Open as PDF
TO INSTALL CLAMP
1. Insert it into the hole behind the fence. The clamp should be facing
toward the back of the miter saw. The groove on the clamp rod
should be fully inserted into the base. Ensure this groove is fully
inserted into the base of the miter saw.
If the groove is visible, the clamp will not be secure.
2. Rotate the clamp 180º toward the front of the miter saw.
3. Loosen the knob to adjust the clamp up or down, then use the fine
adjust knob to firmly clamp the workpiece.
NOTE: Place the clamp on the opposite side of the base when beveling.
ALWAYS MAKE DRY RUNS (UNPOWERED) BEFORE FINISH CUTS TO
CHECK THE PATH OF THE BLADE. ENSURE THE CLAMP DOES NOT
INTERFERE WITH THE ACTION OF THE SAW OR GUARDS.
WARNING: A workpiece that is clamped, balanced and secure before
a cut may become unbalanced after a cut is completed. An unbalanced
load may tip the saw or anything the saw is attached to, such as a
table or workbench. When making a cut that may become unbalanced,
properly support the workpiece and ensure the saw is firmly bolted to a
WARNING: The clamp foot must remain clamped above the base of
the saw whenever the clamp is used. Always clamp the workpiece to the
base of the saw–not to any other part of the work area. Ensure the clamp
foot is not clamped on the edge of the base of the saw.
SUPPORT FOR LONG PIECES
WARNING: To reduce the risk of serious personal injury, turn off the
tool and disconnect it from the power source before attempting to move
it, change accessories or make any adjustments accept as written in
laser adjustment instructions.
ALWAYS SUPPORT LONG PIECES.
Never use another person as a substitute for a table extension; as
additional support for a workpiece that is longer or wider than the basic
miter saw table or to help feed, support or pull the workpiece.
For best results, use the DW7080 extension work support to extend the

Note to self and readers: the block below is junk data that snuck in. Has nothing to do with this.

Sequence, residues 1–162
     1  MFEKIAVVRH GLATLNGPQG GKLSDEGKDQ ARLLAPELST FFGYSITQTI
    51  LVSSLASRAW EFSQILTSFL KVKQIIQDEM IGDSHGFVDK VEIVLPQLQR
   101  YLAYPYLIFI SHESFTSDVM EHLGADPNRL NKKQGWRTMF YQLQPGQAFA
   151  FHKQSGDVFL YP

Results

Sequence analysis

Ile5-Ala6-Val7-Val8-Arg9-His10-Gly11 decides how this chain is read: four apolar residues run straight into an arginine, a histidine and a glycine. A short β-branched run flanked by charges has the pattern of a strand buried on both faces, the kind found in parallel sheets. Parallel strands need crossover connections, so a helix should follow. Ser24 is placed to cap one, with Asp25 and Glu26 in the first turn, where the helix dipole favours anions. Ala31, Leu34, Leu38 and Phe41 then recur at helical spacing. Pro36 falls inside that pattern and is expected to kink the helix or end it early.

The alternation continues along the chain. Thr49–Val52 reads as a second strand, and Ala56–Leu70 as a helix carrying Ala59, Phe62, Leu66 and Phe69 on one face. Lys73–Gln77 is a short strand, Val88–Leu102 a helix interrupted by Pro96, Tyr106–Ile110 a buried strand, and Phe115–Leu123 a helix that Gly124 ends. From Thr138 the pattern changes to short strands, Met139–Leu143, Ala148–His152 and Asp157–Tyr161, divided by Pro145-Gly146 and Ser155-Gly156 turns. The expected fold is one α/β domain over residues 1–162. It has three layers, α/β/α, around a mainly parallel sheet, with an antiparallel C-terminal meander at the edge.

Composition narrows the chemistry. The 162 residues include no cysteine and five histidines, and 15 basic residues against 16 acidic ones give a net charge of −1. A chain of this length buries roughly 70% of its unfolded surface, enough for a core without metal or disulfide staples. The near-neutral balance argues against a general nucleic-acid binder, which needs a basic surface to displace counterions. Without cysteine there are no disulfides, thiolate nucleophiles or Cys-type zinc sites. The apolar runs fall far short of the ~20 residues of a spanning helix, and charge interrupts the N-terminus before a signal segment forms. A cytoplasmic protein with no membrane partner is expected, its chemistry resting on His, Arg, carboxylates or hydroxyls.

table width of your saw. Available from your dealer at extra cost. Support
long workpieces using any convenient means such as sawhorses or
similar devices to keep the ends from dropping.
CUTTING PICTURE FRAMES, SHADOW BOXES AND OTHER
To best understand how to make the items listed here, we suggest that
you try a few simple projects using scrap wood until you develop a
“FEEL” for your saw.
Your saw is the perfect tool for mitering corners like the one shown in
Figure 14. Sketch A in Figure 15 shows a joint made by using the bevel
adjustment to bevel the edges of the two boards at 45º each to produce
a 90º corner. For this joint the miter arm was locked in the zero position
and the bevel adjustment was locked at 45º. The wood was positioned
with the broad flat side against the table and the narrow edge against
the fence. The cut could also be made by mitering right and left with the
broad surface against the fence.
CUTTING TRIM MOLDING AND OTHER FRAMES
Sketch B in Figure 14 shows a joint made by setting the miter arm at 45º
to miter the two boards to form a 90º corner. To make this type of joint,
set the bevel adjustment to zero and the miter arm to 45º. Once again,
position the wood with the broad flat side on the table and the narrow
edge against the fence.
The two sketches in Figure 15 are for four side objects only.
As the number of sides changes, so do the miter and bevel angles. The
chart below gives the proper angles for a variety of shapes.
(The chart assumes that all sides are of equal length.) For a shape that
is not shown in the chart, use the following formula. 180º divided by the
number of sides equals the miter (if the material is cut vertically) or bevel